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  #5  
By TheLorax on 09-03-2009, 02:26 PM
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Such a lovely article. I can feel it was written from the heart which makes it that much more endearing.
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  #6  
By NEBogger on 09-03-2009, 04:22 PM
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I knew the chestnut tree was a beautiful tree, but didn't realize that it was such a hardwood tree. Thanks for the article stoloniferous.
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  #7  
By Equilibrium on 09-03-2009, 10:42 PM
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Great article. TACF is a very worthy organization. There is one variety of blight resistant chestnut named 'Timburr' available from Oikos that has the most American Chestnut DNA available on the market. I have three of them and these might be another worthy chestnut to consider. They are wonderful plants. I believe it is important to try to plant back blight resistant varieties to help fill the niche. I'm looking forward to when the 94% American Chestnut DNA blight resistant variety is introduced. When it comes out... I'm buying 3 a year for 5 years. Everybody buy!!!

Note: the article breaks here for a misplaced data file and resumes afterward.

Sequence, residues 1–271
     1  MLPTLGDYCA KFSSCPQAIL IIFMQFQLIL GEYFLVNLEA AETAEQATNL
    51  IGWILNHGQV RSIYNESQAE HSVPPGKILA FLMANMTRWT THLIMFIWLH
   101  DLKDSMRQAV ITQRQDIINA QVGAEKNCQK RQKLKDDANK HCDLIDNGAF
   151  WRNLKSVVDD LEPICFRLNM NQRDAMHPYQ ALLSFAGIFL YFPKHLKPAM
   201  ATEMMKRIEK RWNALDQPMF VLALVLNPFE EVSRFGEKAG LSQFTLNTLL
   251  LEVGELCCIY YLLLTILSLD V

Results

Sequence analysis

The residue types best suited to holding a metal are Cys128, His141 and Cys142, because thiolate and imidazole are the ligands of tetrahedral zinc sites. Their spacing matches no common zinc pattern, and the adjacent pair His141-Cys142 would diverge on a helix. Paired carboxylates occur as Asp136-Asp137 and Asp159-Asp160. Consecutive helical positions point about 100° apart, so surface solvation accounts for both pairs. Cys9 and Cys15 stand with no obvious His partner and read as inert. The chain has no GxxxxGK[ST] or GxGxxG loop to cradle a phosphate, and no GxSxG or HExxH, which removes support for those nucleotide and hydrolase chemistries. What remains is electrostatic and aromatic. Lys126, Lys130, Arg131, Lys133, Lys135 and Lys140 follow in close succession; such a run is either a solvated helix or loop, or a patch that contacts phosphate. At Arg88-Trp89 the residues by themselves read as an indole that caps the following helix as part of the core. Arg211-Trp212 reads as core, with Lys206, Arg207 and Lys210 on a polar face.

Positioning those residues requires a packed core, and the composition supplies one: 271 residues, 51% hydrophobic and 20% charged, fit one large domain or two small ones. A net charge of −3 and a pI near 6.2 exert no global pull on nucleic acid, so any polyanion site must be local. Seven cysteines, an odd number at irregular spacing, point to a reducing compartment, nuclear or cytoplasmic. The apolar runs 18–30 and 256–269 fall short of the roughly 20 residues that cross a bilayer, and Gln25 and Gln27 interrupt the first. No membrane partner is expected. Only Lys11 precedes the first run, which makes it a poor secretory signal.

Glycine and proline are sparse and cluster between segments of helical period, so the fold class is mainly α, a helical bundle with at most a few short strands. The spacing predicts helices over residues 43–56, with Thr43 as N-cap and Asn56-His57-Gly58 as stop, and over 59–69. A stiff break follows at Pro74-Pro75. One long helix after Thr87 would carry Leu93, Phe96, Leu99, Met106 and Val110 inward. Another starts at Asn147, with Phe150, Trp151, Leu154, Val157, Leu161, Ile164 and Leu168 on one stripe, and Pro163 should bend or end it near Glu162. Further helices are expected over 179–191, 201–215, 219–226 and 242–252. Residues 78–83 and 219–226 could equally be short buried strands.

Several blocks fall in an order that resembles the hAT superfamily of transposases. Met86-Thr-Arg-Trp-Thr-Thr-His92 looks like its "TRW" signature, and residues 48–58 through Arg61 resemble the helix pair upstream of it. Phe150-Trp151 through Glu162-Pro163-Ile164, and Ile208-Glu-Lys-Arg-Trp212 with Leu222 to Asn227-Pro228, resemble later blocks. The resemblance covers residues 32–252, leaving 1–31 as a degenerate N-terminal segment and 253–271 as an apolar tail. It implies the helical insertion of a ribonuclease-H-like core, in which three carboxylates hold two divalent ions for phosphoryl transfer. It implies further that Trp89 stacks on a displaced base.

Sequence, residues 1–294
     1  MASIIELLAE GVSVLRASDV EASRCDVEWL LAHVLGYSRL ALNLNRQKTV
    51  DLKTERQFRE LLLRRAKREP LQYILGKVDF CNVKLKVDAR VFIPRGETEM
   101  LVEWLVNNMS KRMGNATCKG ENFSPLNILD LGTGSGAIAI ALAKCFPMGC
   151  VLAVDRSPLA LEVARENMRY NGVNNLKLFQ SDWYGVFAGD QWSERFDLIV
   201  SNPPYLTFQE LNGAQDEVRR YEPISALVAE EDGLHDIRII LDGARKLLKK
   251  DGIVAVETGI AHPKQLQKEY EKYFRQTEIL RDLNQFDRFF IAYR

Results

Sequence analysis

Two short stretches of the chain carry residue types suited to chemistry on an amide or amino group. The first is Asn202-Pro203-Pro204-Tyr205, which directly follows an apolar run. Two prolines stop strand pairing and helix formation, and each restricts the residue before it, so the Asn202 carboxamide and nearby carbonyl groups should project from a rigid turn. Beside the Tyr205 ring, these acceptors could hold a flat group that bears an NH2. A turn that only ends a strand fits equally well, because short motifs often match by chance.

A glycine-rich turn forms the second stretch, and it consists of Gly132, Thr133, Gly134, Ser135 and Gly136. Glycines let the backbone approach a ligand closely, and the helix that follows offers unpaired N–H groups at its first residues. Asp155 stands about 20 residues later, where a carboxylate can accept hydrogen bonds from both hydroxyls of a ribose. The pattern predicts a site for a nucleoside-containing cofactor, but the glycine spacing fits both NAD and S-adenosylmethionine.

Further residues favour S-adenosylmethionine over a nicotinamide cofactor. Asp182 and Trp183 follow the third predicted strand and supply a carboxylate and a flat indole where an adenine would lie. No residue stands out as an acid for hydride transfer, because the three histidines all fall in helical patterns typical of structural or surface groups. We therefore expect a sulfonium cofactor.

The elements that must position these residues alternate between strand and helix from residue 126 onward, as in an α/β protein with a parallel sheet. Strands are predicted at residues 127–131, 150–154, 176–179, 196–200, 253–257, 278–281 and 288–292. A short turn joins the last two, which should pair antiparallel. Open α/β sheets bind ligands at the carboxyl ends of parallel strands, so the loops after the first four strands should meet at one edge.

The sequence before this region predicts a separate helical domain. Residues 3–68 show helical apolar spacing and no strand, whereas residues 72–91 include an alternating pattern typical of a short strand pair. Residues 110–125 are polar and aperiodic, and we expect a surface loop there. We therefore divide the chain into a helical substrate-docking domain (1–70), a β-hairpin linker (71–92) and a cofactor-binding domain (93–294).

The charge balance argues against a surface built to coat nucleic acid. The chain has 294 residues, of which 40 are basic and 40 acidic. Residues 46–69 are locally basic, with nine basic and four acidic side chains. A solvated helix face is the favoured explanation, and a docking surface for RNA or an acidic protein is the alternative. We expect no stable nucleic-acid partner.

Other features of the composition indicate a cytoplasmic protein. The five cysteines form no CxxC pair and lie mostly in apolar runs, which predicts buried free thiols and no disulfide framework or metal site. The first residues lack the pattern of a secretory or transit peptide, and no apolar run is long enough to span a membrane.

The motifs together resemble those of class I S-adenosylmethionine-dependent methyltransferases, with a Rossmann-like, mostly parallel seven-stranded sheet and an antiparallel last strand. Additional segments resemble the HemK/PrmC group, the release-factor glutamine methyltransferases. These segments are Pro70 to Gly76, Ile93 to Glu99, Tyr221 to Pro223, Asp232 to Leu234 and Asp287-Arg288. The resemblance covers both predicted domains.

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  #8  
By Porterbrook on 09-04-2009, 02:28 PM
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Excellent article Stoloniferous! The state tree farm in Point Pleasant, WV has an entire grove of American Chestnuts that have shown almost complete resistance to the blight. They keep selecting seeds from the most resistant trees and cross them to produce another generation of American Chestnust. They are now selling seedlings to the public. I will try to find out if there is a website with all the information.
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  #9  
By amelanchier on 09-05-2009, 09:05 AM
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Yep, there's one group that's been crossing with Chinese chestnuts and then back-crossing to increase the American DNA %, and then there's another group that's doing it entirely with American chestnuts, selecting the most resistant. I believe this latter group doesn't yet have a fully blight-resistant 100% American chestnut but are getting close. I'll do some searching for a link.
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american, american chestnut, american chestnut foundation, blight resistant chestnut, castanea dentata, chestnut, chestnut blight, chestnut fungus, chestnut grove, chestnut tree, chestnut wood, chestnutsm, extinction, fungus, grow chestnut, hardwood tree, hardwood trees, sequoia national forest